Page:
Armed Forces mark the 20th anniversary of the start of Afghanistan War

The Armed Forces mark the 20th anniversary of the start of Afghanistan War with ceremony remembering the 457 British troops killed in conflict

  • Some 457 British personnel killed during the Afghanistan conflict were remembered today in ceremonies
  • Comes just two months after British troops were withdrawn from Afghanistan as Taliban regained control
  • Wreaths were laid to commemorate the 20th anniversary of the start of the Afghanistan conflict in 2001
  • Claire Hill, whose only child James was killed in 2009, said ‘the hurt never goes away’ following her loss

Wreaths were today laid to commemorate the 20th anniversary of the start of the UK’s involvement in the Afghanistan war.

Some 457 British personnel killed during the conflict were remembered at two small ceremonies at 7.30am, with wreaths laid at the Bastion Memorial at the National Memorial Arboretum in Staffordshire and the Iraq and Afghanistan Memorial near the Ministry of Defence in central London.

It comes just months after British troops were withdrawn from Afghanistan and the Taliban regained control of the country.

Claire Hill, whose only child James was killed in 2009, told the BBC ‘the hurt never goes away’ but she has ‘to believe he made a difference’.

On October 7, 2001, American-led coalition airstrikes on airports and terrorist training camps marked the start of the war. It followed the September 11 terror attacks on the Twin Towers and the Pentagon. 

Minister of the armed forces James Heappey and Major General Gerald Strickland lay a wreath at the Camp Bastion Memorial, during a service to mark 20 years since the start of UK operations in Afghanistan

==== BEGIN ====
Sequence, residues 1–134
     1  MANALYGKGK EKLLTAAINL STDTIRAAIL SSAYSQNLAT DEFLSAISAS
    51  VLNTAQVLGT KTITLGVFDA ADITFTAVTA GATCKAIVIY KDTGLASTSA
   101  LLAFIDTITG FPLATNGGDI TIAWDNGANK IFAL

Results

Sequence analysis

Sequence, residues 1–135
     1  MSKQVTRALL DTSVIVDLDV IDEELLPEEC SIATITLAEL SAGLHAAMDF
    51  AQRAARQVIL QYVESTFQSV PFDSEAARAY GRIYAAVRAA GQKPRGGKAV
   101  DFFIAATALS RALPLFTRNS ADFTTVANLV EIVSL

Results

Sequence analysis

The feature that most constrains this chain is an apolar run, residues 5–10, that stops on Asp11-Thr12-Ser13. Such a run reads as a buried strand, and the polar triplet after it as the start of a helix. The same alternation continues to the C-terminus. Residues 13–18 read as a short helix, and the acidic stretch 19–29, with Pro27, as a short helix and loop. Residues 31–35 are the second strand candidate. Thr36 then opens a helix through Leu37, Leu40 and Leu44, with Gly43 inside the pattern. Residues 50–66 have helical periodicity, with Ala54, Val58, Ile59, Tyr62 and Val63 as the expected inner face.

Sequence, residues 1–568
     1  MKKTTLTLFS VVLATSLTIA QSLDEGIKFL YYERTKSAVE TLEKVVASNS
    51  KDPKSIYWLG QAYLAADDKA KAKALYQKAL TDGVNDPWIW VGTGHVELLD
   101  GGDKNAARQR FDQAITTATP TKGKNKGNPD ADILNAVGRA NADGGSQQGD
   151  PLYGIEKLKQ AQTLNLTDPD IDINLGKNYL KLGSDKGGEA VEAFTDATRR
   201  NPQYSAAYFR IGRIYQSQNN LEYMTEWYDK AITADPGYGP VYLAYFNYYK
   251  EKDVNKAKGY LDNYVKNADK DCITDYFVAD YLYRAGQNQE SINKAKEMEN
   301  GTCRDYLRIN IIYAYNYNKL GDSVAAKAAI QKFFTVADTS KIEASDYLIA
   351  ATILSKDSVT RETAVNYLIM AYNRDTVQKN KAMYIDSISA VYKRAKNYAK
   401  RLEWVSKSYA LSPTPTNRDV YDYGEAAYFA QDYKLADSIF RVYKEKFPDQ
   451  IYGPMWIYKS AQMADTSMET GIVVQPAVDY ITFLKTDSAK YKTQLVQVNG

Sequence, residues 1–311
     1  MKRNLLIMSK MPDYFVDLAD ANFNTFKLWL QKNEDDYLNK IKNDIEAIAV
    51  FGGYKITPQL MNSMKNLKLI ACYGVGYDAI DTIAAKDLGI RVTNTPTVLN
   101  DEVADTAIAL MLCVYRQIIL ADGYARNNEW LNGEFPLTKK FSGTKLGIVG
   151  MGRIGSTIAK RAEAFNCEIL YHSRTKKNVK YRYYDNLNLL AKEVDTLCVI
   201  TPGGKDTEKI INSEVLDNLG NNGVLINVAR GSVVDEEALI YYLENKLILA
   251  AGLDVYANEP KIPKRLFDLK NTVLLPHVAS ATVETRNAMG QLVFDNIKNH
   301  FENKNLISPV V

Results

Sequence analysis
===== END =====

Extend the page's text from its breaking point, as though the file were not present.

A trumpeter plays The Last Post during a wreath laying service at the Camp Bastion Memorial at the National Memorial Arboretum, Alrewas, near Lichfield, Staffordshire

Wreaths were laid at the Camp Bastion Memorial. Some 457 British personnel killed during the conflict were remembered today on the 20th anniversary of the start of conflict in Afghanistan

The Ministry of Defence organised today’s ceremonies to honour ‘the courage and commitment of its people’ during the war.

Piper Major Colour Sgt Peter Grant let the procession in Staffordshire, and said the service was vital for reflection on the conflict.

Sgt Grant, who was the lone piper at the Duke of Edinburgh’s funeral, said it was ‘quite emotional’ to see the names of the people he served with on the wall of the Bastion memorial.

Some 12 years after James Hill died, his parents said they were proud of his service but cannot deal with the idea his life was wasted.

James was 23 and engaged to be married when he was killed by an improvised explosive device in Afghanistan’s Helmand province.

Minister of the armed forces James Heappey and Major General Gerald Strickland arrive for the wreath service at the Camp Bastion Memorial

Mr Heappey looks at the names of the servicemen and women who died during the 20-year conflict. The Ministry of Defence organised today’s ceremonies to honour ‘the courage and commitment of its people’ during the war

Mrs Hill said: ‘There’s an emptiness, there’s a hole here that nothing can fill.’

Her husband added: ‘Remembrance Day for most people is 11 November, but for the likes of us Remembrance Day is every day.’

Stuart Tootal, a former colonel who commanded the Parachute Regiment, led British troops into Helmand in 2006, when a peace support operation turned into a bloody conflict.